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Common ancestor: a single species that gave rise to at least two other species.
Community: a group of interacting species that live in the same area.
Divergence: when groups of organisms from the same species become separated and evolve differences as they adapt to new environments.
Ecosystem: a group of different plants and animals that live together and are dependent on the area in which they live.
Endemic species: a species that has adapted to live in a particular place and that isn't found anywhere else.
Hydrothermal vent: an underwater structure that releases how water into the ocean's cold, deep sea, providing nutrients for the organisms living nearby.
Southern ocean: the ocean that surrounds Antarctica. It has extremely cold waters.
Speciation: when two groups of organisms become so different that we describe them as different species.
Let’s take a walk along an ocean beach. As we walk the moist sand feels good to our bare feet. The waves spill onto the beach and the salt water slowly makes its way back out to sea. Tiny crabs are busy digging and repairing tiny tunnels while seagulls gather around and fight over a stolen piece of bread. In your hands are the colorful shells gathered and destined for a shelf at home.
With all the living things that can be found on the beach, have you ever thought about what living things might be living in the ocean? Beyond the marine life that can be found on the beach and tide pools are the plants and animals that live in the deep ocean.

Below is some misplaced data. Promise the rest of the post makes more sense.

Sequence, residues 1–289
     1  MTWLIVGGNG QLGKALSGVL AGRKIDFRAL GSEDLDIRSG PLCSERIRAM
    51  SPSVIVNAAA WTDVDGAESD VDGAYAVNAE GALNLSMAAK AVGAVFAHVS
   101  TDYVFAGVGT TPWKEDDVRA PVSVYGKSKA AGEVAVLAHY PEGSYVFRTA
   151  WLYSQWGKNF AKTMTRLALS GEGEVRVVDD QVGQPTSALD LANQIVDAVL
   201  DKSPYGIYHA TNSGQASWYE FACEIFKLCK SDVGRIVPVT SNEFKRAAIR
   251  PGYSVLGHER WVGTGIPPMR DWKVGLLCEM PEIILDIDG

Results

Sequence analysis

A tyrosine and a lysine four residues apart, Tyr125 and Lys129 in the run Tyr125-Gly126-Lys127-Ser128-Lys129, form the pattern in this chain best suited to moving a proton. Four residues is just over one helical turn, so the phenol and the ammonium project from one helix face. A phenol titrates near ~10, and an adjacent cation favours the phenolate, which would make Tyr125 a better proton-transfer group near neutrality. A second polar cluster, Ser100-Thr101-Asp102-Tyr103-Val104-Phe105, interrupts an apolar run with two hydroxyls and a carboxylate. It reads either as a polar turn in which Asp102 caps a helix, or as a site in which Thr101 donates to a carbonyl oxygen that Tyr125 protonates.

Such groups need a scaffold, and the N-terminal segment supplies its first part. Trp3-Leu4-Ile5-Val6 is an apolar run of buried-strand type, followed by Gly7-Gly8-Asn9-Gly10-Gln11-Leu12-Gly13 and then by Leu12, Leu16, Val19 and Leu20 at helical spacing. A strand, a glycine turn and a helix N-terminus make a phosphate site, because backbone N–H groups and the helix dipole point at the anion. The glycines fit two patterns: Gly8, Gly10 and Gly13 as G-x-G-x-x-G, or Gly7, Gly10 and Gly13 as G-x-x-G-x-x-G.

In the PLOS Biology article, “The Discovery of New Deep-Sea Hydrothermal Vent Communities in the Southern Ocean and Implications for Biogeography,” scientists describe a newly discovered ecosystem off the coast of Antarctica that’s miles below the surface. This ecosystem is full of new species that have never been seen before, and that live nowhere else in the world.
Everyone knows that the ocean is home to many different animals and plants. Near the surface, you might see dolphins, swordfish, and seaweed. But what happens when you travel down into deep waters? How about a mile and half deep? At this depth, it’s completely dark. If you were to dive that deep you would be crushed by the pressure of all of the water above you.
Scientists used to think that nothing could live in the deepest parts of the ocean. But now we know that there are some strange and fascinating sea creatures that call the deep sea home.
Not long ago, scientists exploring the deepest part of the Southern Ocean found a bustling community of organisms on the sea floor. Those animals live near gigantic hydrothermal vents.
A hydrothermal vent is like an underwater chimney, spewing out water as hot as 644 °F! That’s almost twice as hot as the temperature at which food gets baked in your kitchen oven.
Some vents are called “black smokers,” because they spew minerals and nutrients that turn the water black. The nutrients in the plumes of black water are food for the animals that live there.
Humans can't survive long without air or sunlight. We wouldn’t last a minute in a hydrothermal vent ecosystem. But some organisms have adapted to living in the dark, under all of that pressure. At the surface, animals rely on plants that convert sunlight into food. But there isn't any light at the bottom of the ocean.
The animals around hydrothermal vents survive by eating special bacteria that make food from chemicals like sulfur and nitrogen that come out of the black smokers. Those bacteria are called chemotrophs, because they get their energy from chemicals in the water instead of sunlight.